Environmentally Friendly Investing

Business Environment Trends & Culture - August 17th, 2007
Magellan Japan

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Tel. 03-3769-5511

When was the last time we saw so many major companies make a mad dash to become more “eco-friendly”? From oil companies to banks, “green” is the thing these days. And it’s not just another “con­sumer trend” either…the financial sector is paying close attention too. “Going Green” is not just about changing your lightbulbs anymore; it’s something that has managed to trickle over to the financial market, at­tracting major investment as well some of the world’s most sophisticated investors.

It seems that energy saving alternatives for just about everything are springing up these days. There’s now a more “eco-friendly” version of this, or an organ­ic version of that, for nearly every consumer product known to man.

Is there a way to make your investments greener?
There are plenty of ways for the average investor to start greening their nest-egg now, in a rather more profitable and secure way than you might think. So, where to start? Speak with your financial advisor first to clarify your investment objectives and timescales for investing.

Green Banking
When it comes to choosing the right bank, there are lots of options. All of them are scrambling to off­set their emissions and throwing money at climate change, so which are bluffing? HSBC— committed $90 billion to environmental initiatives. Citibank—have committed $50 billion to fight climate change; $30 bil­lion of that is specifically for financing investments in geothermal, solar, wind, and other renewable energy projects and technologies. Bank of America announced that they have committed $20 Billion to make green loans to “eco-preneurs” with environmentally friendly or sustainable businesses and finance environmental projects around the world. They also recently unveiled plans for a new online carbon trading program.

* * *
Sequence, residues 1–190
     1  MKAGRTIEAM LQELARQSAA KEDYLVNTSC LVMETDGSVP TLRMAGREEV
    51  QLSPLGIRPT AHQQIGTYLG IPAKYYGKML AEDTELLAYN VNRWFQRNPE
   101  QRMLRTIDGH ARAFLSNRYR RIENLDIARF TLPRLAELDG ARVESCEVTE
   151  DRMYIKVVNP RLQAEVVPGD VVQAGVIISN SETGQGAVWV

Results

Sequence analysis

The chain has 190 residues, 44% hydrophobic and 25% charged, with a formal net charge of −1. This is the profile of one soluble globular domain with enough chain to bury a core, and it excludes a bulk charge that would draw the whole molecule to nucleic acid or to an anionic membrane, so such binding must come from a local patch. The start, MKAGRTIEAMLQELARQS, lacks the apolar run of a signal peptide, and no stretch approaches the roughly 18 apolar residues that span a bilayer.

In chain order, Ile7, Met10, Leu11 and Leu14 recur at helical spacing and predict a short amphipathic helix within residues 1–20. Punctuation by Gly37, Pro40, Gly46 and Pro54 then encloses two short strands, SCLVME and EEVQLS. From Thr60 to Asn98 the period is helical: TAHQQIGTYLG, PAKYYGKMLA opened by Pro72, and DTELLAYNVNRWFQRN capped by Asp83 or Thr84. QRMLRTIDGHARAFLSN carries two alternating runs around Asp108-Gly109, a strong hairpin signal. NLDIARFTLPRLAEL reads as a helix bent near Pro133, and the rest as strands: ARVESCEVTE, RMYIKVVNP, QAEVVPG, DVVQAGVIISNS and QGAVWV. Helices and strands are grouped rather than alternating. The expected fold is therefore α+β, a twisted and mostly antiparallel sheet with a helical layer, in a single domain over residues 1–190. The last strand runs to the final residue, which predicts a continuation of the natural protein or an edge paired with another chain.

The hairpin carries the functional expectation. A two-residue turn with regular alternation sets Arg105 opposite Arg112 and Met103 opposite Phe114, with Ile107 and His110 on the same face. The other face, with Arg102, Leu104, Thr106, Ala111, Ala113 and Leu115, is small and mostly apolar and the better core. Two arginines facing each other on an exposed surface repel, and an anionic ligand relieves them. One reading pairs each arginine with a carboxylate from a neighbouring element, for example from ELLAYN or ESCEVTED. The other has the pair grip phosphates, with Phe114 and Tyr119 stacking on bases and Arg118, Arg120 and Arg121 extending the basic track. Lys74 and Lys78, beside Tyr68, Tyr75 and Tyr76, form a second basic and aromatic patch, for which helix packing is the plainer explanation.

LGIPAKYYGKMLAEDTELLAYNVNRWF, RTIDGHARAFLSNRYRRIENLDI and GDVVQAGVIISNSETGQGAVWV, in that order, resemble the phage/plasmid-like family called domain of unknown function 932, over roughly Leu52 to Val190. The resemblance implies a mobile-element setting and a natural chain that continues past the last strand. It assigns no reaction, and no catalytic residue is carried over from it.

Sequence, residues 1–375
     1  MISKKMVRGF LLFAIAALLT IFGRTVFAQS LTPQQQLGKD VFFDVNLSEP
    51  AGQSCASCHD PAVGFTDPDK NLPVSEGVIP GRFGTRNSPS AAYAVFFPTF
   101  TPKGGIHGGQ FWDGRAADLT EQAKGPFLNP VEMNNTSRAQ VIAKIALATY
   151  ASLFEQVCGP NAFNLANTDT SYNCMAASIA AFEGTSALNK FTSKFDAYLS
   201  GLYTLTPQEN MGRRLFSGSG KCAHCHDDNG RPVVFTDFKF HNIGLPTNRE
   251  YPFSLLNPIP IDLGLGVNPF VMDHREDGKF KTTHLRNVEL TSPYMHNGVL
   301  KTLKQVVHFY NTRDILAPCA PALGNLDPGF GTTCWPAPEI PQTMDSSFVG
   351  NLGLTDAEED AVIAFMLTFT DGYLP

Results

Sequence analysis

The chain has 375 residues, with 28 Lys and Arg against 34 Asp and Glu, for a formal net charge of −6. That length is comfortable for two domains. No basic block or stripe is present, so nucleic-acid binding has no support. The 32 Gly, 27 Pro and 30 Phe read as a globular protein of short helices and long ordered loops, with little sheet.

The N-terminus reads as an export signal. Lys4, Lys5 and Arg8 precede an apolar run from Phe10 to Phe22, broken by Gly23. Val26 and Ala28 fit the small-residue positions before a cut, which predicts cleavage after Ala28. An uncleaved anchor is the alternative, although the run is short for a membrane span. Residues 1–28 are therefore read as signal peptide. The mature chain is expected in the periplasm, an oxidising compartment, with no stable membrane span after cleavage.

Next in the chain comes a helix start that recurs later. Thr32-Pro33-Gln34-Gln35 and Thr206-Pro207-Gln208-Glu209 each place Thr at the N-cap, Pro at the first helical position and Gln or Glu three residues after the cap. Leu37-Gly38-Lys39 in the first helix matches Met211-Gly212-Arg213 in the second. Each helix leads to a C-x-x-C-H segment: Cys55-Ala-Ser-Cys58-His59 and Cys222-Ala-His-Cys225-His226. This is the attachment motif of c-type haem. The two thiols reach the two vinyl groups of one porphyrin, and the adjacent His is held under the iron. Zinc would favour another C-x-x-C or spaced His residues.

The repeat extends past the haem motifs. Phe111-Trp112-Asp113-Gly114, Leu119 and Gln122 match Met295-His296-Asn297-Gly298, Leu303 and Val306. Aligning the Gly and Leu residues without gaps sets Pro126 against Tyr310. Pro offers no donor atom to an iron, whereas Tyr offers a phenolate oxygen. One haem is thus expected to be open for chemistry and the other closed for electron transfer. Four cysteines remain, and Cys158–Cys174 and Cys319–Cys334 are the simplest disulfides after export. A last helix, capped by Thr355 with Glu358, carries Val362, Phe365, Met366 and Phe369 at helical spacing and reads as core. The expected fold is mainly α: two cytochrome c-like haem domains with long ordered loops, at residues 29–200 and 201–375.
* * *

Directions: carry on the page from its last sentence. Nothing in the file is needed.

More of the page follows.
Greener Returns
If you’re not a skilled trader, odds are you’re probably leaning towards a broader, more diversified group of investments. The most typical, and easiest ways to get started are usually index funds, mutual funds, and ex­change traded funds (ETFs). Before diving head first into an investment vehicle, make sure you speak with your financial advisor.

Just how profitable is this new wave of socially con­scious investing?
According to an article in Newsweek, the returns have proved to be rather hefty:
“Wall Street’s own change in climate is nothing less than astonishing. ‘Save-the-planet’ investing has sud­denly, well, heated up. Four major investment banks —Citigroup, Goldman Sachs, Lehman Brothers, and UBS—have recently issued fat global-warming reports looking at stocks and industries likely to gain or lose. Investments in clean energy have more than doubled, to $70.9 billion worldwide, in just three years.”

Determining Investment Objectives
Are you looking for something high growth? Or secu­rity and risk management with a more conservative return? Small-cap or large-cap? Do you want entirely “green” or a fund that just focuses on alternative en­ergy? Do you just want to avoid investing in cigarettes and alcohol, or do you want stocks that are environ­mentally sustainable and produce “fair trade” prod­ucts? The list of criteria you can apply are endless….